Magnesium isotopic compositions of the Mesoproterozoic dolostones: Implications for Mg isotopic systematics of marine carbonates

Kang Jun Huang, Bing Shen, Xian Guo Lang, Wenbo Tang, Yang Peng, Shan Ke, Alan J. Kaufman, Hao Ran Ma, Fang Bing Li

Research output: Contribution to journalArticle

36 Scopus citations

Abstract

Available Mg isotope data indicate that dolostones of different ages have overlapping range of Mg isotopic composition (δ26Mg) and there is no systematic difference among different types of dolomites. To further explore the Mg isotopic systematics of dolomite formation, we measured Mg isotopic compositions of Mesoproterozoic dolostones from the Wumishan Formation in North China Block, because dolomite formation in Mesoproterozoic might have been fundamentally different from the younger counterparts. Based on petrographic observations, three texturally-different dolomite phases (dolomicrite, subhedral dolomite and anhedral dolomite) are recognized in the Wumishan dolostones. Nevertheless, these three types of dolomites have similar δ26Mg values, ranging from -1.35‰ to -1.72‰, which are indistinguishable from Neoproterozoic and Phanerozoic dolostones. To explain δ26Mg values of dolostones, we simulate the Mg isotopic system during dolomite formation by applying the one-dimensional Diffusion-Advection-Reaction (1D-DAR) model, assuming that the contemporaneous seawater is the Mg source of dolostone. The 1D-DAR modeling results indicate that the degree of dolomitization is controlled by sedimentation rate, seawater Mg concentration, temperature, and reaction rate of dolomite formation, whereas Mg isotopic composition of dolostone is not only dependent on these factors, but also affected by δ26Mg of seawater and isotope fractionation during dolomite formation. Moreover, the 1D-DAR model predicts that dolomite formation within sediments has limited range of variation in δ26Mg with respect to limestones. Furthermore, the modeling results demonstrate that dolostone is always isotopically heavier than Ca-carbonate precipitated from seawater, explaining the systematic isotopic difference between dolostones and limestones. Finally, we can infer from the 1D-DAR model that early-formed dolostone at shallower depth of sediments is always isotopically lighter than that formed in deeper sediments, suggesting the potential application of Mg isotope as a proxy for constraining dolostone formation.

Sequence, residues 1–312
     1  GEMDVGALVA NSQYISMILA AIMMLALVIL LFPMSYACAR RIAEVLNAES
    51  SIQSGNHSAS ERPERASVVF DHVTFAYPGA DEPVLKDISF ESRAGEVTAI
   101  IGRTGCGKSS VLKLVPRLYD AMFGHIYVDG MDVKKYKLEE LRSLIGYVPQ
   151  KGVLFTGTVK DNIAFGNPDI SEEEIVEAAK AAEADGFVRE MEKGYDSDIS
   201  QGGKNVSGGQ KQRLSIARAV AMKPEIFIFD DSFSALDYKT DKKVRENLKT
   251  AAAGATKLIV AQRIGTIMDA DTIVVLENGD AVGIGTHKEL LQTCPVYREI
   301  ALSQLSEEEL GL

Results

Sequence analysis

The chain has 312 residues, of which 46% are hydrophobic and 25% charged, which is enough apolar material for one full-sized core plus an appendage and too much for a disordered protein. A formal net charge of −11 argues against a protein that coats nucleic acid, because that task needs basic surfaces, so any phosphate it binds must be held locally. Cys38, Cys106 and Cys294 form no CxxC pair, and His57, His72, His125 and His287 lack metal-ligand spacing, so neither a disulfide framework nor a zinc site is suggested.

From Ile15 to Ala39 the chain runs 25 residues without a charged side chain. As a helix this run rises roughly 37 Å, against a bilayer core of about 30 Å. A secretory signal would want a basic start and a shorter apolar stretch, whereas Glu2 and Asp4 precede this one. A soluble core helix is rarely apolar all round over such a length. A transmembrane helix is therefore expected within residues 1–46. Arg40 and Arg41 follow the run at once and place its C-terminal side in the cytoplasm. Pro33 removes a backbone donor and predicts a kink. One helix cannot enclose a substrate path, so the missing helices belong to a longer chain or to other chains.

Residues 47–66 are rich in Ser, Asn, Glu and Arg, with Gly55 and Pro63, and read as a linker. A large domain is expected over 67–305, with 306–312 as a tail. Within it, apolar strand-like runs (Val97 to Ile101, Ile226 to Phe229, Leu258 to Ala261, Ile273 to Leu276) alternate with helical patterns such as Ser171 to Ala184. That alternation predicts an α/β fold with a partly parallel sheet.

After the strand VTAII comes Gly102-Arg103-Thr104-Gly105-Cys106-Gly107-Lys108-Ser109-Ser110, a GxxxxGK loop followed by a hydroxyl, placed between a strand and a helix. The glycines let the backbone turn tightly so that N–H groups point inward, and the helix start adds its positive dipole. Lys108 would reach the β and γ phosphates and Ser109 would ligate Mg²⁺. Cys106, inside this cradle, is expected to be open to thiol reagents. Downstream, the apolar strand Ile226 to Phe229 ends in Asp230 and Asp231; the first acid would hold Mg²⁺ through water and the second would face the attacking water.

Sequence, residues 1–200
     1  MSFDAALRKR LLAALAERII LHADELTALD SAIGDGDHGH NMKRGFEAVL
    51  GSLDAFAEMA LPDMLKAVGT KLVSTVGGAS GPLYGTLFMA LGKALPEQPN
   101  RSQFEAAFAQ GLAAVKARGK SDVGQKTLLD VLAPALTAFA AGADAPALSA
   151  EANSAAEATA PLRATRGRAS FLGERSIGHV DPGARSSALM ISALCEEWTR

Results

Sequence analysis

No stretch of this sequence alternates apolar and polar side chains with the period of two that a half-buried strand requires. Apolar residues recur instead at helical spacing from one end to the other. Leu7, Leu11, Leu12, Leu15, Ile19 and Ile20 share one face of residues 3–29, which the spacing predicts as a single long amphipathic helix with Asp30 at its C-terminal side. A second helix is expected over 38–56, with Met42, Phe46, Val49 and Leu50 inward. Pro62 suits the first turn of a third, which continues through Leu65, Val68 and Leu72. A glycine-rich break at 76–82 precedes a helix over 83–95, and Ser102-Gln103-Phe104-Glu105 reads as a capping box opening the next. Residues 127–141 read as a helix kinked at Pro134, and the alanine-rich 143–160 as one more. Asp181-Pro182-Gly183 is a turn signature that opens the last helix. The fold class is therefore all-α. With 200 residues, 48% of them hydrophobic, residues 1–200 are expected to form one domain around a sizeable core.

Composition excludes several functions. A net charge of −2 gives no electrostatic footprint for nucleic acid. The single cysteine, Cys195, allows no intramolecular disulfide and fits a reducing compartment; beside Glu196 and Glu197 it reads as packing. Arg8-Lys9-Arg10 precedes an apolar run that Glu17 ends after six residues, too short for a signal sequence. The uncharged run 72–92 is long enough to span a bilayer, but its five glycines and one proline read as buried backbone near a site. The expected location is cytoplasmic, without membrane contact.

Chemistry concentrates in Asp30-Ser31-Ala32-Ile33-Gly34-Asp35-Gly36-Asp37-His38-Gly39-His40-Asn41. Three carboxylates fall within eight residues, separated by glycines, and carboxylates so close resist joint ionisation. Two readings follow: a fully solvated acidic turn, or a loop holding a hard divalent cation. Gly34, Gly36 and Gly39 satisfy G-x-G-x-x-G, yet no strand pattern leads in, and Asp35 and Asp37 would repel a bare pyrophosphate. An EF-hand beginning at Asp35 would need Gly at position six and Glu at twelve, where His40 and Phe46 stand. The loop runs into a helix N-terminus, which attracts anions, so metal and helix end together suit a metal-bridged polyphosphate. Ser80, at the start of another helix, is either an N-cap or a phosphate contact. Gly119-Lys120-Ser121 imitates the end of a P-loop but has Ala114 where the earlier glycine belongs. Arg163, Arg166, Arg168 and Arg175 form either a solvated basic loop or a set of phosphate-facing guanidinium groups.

Original languageEnglish (US)
Pages (from-to)333-351
Number of pages19
JournalGeochimica et Cosmochimica Acta
Volume164
DOIs
StatePublished - Sep 1 2015

ASJC Scopus subject areas

  • Geochemistry and Petrology

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